The Info List - River Brethren

The River Brethren is a name used to indicate certain Christian
groups originating in 1770, during a revival movement among German colonizers in Pennsylvania. In the 17th century, Mennonite
refugees from Switzerland
had settled their homes near the Susquehanna River
Susquehanna River
in the northeastern U.S. Their religious guides, Jacob and John Engle, joined with the revival, and their followers were often known by their locality: a group of brethren from north of Marietta, Pennsylvania
on the east side of the Susquehanna River
Susquehanna River
came to be known as the River Brethren.[1] Perhaps they were baptized in the Susquehanna. The initial spiritual leader of the brethren was Martin Boehm, evangelical preacher, who was excluded from the Mennonite
Church. He later became bishop of the Church of the United Brethren in Christ. The River Brethren distanced themselves from Boehm and the United Brethren movement. Influenced by the Schwarzenau Brethren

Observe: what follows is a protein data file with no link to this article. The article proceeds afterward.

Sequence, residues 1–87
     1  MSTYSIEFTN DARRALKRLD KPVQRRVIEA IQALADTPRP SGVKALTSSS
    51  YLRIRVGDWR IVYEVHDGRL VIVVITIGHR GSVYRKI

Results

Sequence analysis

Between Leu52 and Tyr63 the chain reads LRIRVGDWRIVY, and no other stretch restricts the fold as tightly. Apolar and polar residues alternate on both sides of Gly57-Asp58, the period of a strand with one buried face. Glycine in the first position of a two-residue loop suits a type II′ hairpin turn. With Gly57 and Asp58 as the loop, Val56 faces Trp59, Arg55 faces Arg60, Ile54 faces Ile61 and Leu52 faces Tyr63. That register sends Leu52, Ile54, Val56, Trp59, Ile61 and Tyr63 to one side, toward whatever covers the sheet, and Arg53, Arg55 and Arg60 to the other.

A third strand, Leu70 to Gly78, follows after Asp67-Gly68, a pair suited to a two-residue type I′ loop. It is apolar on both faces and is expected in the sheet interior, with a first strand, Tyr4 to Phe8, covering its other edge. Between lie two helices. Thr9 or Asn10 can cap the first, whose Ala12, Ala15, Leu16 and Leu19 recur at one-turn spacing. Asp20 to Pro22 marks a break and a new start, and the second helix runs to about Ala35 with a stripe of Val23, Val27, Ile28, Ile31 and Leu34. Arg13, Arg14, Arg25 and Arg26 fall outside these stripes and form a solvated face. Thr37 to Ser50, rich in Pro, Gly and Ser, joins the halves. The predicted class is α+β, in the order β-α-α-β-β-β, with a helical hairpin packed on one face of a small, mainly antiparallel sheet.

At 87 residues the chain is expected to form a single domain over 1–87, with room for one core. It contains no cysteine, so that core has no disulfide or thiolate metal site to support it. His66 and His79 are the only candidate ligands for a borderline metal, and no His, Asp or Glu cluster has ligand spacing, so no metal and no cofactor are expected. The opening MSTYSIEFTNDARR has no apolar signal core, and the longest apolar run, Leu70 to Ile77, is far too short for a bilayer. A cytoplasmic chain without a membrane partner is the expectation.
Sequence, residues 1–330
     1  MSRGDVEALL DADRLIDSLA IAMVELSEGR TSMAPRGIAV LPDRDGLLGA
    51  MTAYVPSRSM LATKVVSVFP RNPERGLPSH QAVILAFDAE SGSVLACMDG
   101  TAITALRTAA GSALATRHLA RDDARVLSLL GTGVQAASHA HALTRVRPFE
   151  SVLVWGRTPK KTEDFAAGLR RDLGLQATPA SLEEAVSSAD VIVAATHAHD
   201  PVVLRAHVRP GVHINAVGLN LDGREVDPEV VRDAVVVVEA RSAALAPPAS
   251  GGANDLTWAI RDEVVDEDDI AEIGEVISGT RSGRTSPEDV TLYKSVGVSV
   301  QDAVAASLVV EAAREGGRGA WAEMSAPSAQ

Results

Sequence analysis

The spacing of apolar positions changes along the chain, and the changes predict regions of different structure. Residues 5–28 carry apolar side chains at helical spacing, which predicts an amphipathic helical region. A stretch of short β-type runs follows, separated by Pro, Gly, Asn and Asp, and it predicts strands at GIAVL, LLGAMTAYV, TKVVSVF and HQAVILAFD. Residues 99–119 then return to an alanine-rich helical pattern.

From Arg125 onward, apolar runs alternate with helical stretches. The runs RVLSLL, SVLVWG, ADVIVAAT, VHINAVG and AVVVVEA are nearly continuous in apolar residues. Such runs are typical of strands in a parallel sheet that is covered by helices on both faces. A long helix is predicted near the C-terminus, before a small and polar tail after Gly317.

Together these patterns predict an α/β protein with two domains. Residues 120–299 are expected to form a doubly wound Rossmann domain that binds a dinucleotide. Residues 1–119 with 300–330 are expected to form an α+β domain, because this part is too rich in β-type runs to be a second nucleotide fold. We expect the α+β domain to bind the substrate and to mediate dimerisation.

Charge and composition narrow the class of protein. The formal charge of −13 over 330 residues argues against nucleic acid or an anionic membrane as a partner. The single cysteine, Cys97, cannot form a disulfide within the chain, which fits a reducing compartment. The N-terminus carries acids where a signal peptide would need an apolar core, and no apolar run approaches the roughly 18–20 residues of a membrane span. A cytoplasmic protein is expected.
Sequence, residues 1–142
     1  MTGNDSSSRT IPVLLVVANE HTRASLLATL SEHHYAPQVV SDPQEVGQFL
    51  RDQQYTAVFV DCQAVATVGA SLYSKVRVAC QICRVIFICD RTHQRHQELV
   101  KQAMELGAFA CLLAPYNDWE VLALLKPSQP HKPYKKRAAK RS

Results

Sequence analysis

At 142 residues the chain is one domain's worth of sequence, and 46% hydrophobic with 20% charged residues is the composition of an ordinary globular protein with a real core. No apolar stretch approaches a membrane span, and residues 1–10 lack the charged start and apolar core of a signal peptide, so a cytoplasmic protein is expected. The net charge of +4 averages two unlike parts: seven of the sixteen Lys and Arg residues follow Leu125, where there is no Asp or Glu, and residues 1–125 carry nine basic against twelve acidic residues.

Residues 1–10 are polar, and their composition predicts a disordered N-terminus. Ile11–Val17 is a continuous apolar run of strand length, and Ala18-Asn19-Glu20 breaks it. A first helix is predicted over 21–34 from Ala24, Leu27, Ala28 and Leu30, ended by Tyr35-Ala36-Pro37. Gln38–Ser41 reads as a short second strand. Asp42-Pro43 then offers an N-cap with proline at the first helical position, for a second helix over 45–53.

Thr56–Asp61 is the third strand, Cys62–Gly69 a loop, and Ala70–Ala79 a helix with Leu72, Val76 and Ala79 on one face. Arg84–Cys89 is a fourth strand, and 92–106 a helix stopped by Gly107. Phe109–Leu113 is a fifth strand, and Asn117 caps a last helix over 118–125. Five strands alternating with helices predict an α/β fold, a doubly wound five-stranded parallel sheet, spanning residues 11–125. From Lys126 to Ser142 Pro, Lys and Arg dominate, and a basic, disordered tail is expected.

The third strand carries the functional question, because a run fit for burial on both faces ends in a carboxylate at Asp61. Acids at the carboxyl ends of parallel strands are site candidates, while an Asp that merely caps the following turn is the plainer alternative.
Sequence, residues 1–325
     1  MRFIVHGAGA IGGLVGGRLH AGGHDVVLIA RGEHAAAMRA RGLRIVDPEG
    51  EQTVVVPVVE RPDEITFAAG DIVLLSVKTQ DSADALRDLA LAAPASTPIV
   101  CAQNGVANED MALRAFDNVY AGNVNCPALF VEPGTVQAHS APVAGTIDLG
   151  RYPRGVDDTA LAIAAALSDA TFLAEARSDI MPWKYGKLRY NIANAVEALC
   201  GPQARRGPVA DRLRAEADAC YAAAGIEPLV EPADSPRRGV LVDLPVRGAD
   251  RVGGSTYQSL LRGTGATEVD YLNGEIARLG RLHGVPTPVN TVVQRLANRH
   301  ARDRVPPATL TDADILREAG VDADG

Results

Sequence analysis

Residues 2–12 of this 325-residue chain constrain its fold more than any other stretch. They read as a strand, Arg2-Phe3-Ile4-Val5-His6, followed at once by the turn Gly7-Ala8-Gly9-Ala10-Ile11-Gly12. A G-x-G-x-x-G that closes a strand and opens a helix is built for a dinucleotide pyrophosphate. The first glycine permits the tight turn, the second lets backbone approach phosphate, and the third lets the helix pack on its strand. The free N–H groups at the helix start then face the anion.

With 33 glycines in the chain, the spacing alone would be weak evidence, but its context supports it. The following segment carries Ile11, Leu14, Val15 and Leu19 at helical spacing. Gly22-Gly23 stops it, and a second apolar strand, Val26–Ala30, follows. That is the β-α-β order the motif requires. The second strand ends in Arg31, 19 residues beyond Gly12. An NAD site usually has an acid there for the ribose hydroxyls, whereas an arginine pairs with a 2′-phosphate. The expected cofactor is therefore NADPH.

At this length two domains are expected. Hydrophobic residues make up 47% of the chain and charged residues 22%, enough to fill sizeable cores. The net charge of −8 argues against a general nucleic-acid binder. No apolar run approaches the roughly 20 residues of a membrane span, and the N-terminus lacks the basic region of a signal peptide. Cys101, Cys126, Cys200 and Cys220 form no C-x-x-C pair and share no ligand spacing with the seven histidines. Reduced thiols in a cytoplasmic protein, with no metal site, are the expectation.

Schwarzenau Brethren
(named Dunkers), the River Brethren developed a conviction that trine (triple, in allusion to the Trinity) immersion, foot washing, adherence to plain dress, was the scriptural form of religion. They opposed war, alcohol, tobacco, and worldly pleasures. Nevertheless, they maintained their identity and did not join the Dunker movement. Jacob Engle is one of the early leaders who promoted trine immersion. The first confessional statement of this group was formulated around 1780. As of 2010 there are four bodies of River Brethren in about 300 congregations:

Brethren in Christ Church Calvary Holiness Church Old Order River Brethren (also called Yorker Brethren) United Zion Church

Several factions of the River Brethren withdrew in the middle of the 19th century, including the Yorker Brethren and the United Zion Church, while the main body took the name Brethren in Christ, by which a group of Mennonites is also known. There were about 11,000 members in the United States and Canada in 1992. They carry out missionary work in Asia and Africa. References[edit]

^ Bender, Harold S. (1959). "River Brethren". Global Anabaptist Mennonite
Encyclopedia Online. Retrieved 2010-